## aarnes 3 years ago Solve line integral (xy+x-y)dy + (xy+x+y)dx where the curve is a circle x^2+y^2-ax=0

1. aarnes

$\int\limits_{?}^{?} (xy+x-y)dy + (xy+x+y)dx$ Circle formula: $x ^{2} + y ^{2} - ax = 0$

2. henkjan

just integrate: integral of (xy+x-y)dy = 1/2*x*y^2 + xy - 1/2y^2 integral of (xy+x+y)dx = 1/2*x^2*y + 1/2x^2 + yx combining: 1/2*(x*y^2 - y^2+x^2*y + x^2) + 2*yx = 1/2*(-y^2+x^2) +2*x*y+1/2*(x^2*y+y^2*x)

3. aarnes

Are you sure? I think you need to use polar coordinates.

4. henkjan

You can always applly polar coordinates later on as well.... It might make it a little more cumbersome, but it will give the same value. But you can try, indeed.

5. aarnes

Ok, I'll try it and see how it goes.

6. aarnes

Well, I did same as you (nothing new) but I'm confused as to what limits to use. If converting to polar coordinates at start before integration I have one limit for angle theta 0 - 2pi and other for r 0 - a*cos(theta). With the result you got I don't know where to us these limits.

7. aarnes

Here's my try to solve it using polar coordinates.

8. aarnes

I switched from ax as limit to a+cos(theta) during integration. And also I used 2pi instead of -(pi/2) to (pi/2)

9. aarnes

That's a*cos(theta)...Typo.

10. aarnes

I should've mentioned it. I'm using Green's theorem.

11. TuringTest

Ok, leave the angle bounds as -pi/2 to pi/2. r varies from 0 to acos(theta). I got$\oint_c(xy+x-y)dy+(xy+x+y)dx=-\frac{a^3\pi}{8}$seemed rather straightforward, not sure about what the problem is. Is this not the answer?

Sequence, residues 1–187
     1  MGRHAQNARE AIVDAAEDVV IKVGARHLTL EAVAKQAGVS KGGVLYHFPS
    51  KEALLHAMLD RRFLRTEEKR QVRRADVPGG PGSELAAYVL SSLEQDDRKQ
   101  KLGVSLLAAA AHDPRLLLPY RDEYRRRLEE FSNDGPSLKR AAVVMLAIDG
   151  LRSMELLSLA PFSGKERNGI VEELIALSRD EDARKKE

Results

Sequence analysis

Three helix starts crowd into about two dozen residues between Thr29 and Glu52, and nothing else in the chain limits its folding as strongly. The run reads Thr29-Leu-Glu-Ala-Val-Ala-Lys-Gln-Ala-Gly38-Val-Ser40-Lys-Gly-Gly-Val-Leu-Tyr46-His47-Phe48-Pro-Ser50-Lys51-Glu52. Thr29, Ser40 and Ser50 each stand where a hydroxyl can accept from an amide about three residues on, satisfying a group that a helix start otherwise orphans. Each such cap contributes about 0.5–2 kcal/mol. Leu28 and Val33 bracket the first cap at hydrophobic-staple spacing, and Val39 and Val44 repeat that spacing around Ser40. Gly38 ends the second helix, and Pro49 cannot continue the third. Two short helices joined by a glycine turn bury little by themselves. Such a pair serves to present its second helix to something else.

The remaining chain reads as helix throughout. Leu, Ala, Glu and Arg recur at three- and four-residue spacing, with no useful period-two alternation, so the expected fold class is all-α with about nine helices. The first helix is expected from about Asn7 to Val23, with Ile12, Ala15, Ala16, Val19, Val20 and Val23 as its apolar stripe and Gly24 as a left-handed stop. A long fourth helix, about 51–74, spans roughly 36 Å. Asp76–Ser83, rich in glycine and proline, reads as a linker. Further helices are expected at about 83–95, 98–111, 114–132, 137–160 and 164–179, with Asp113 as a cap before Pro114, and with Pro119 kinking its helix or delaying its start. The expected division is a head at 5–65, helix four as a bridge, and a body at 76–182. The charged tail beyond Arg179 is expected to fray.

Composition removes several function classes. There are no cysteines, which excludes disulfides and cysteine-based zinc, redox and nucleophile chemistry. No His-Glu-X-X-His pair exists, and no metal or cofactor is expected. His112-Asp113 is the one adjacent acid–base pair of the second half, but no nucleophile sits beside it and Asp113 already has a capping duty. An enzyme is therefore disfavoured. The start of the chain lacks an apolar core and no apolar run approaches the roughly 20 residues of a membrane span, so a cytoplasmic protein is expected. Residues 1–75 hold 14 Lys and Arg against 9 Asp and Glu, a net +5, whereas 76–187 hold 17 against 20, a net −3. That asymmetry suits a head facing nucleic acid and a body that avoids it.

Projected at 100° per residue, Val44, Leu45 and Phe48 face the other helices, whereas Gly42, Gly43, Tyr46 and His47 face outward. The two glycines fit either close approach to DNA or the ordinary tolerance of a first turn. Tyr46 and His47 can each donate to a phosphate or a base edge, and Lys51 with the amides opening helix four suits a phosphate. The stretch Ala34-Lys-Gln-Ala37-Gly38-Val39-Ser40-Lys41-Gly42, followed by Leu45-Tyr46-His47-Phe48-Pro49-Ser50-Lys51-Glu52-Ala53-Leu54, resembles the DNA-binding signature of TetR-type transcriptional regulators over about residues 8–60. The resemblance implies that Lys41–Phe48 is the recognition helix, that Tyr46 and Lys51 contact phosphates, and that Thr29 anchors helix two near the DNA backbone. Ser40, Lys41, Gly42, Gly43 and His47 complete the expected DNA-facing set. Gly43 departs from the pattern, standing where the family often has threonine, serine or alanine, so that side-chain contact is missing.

12. TuringTest

If you wanted to change the bounds of theta to 0-2pi then you would at least have to make r vary from 0-a/2, but that still won't work as far as I can see. You would need to change more things in order to do that; seems extraneous.

13. TuringTest

btw you were doing that last integral on your paper strangely. you could have integrated cos^3x*sinx right away, then tackled cos^4x with a reduction formula.

14. imranmeah91

since it is closed , consider green theorem

15. TuringTest

that's what we used, look at the scan above

16. imranmeah91

(xy+x-y)dy + (xy+x+y)dx N dy + M dx Nx= y-1 My= x+1 $\int \int Nx- My dx dy$

17. TuringTest

Nx=y+1

18. imranmeah91

$\int \int (y-x ) dx dy$

19. imranmeah91

just integrate over circle

20. imranmeah91

$\int_0^{2\pi} \int_0^{ \frac{a}{2} cos(\theta)} a/2(sin(\theta))-(cos(\theta)) r dr d\theta$

21. TuringTest

^^^ that could work too, but why do you have a/2 in the integrand? shouldn't it be r first? plus the circle you are integrating on imran is centered at (0,0), so won't that change things? I did$\oint_c(xy+x-y)dy+(xy+x+y)dx=\int_{\frac{-\pi}{2}}^{\frac{\pi}{2}}\int_{0}^{a\cos\theta}r^2(\sin\theta-\cos\theta)drd\theta$and got my answer above$-\frac{a^3\pi}{8}$is there something wrong with that?

22. aarnes

Sorry for not answering for so long but I was away from keyboard. I too tried to do the problem using the r limit from 0 to a*cos(theta) and I got the same answer as TuringTest so I guess it's correct. Medal given. Thank you all for your input!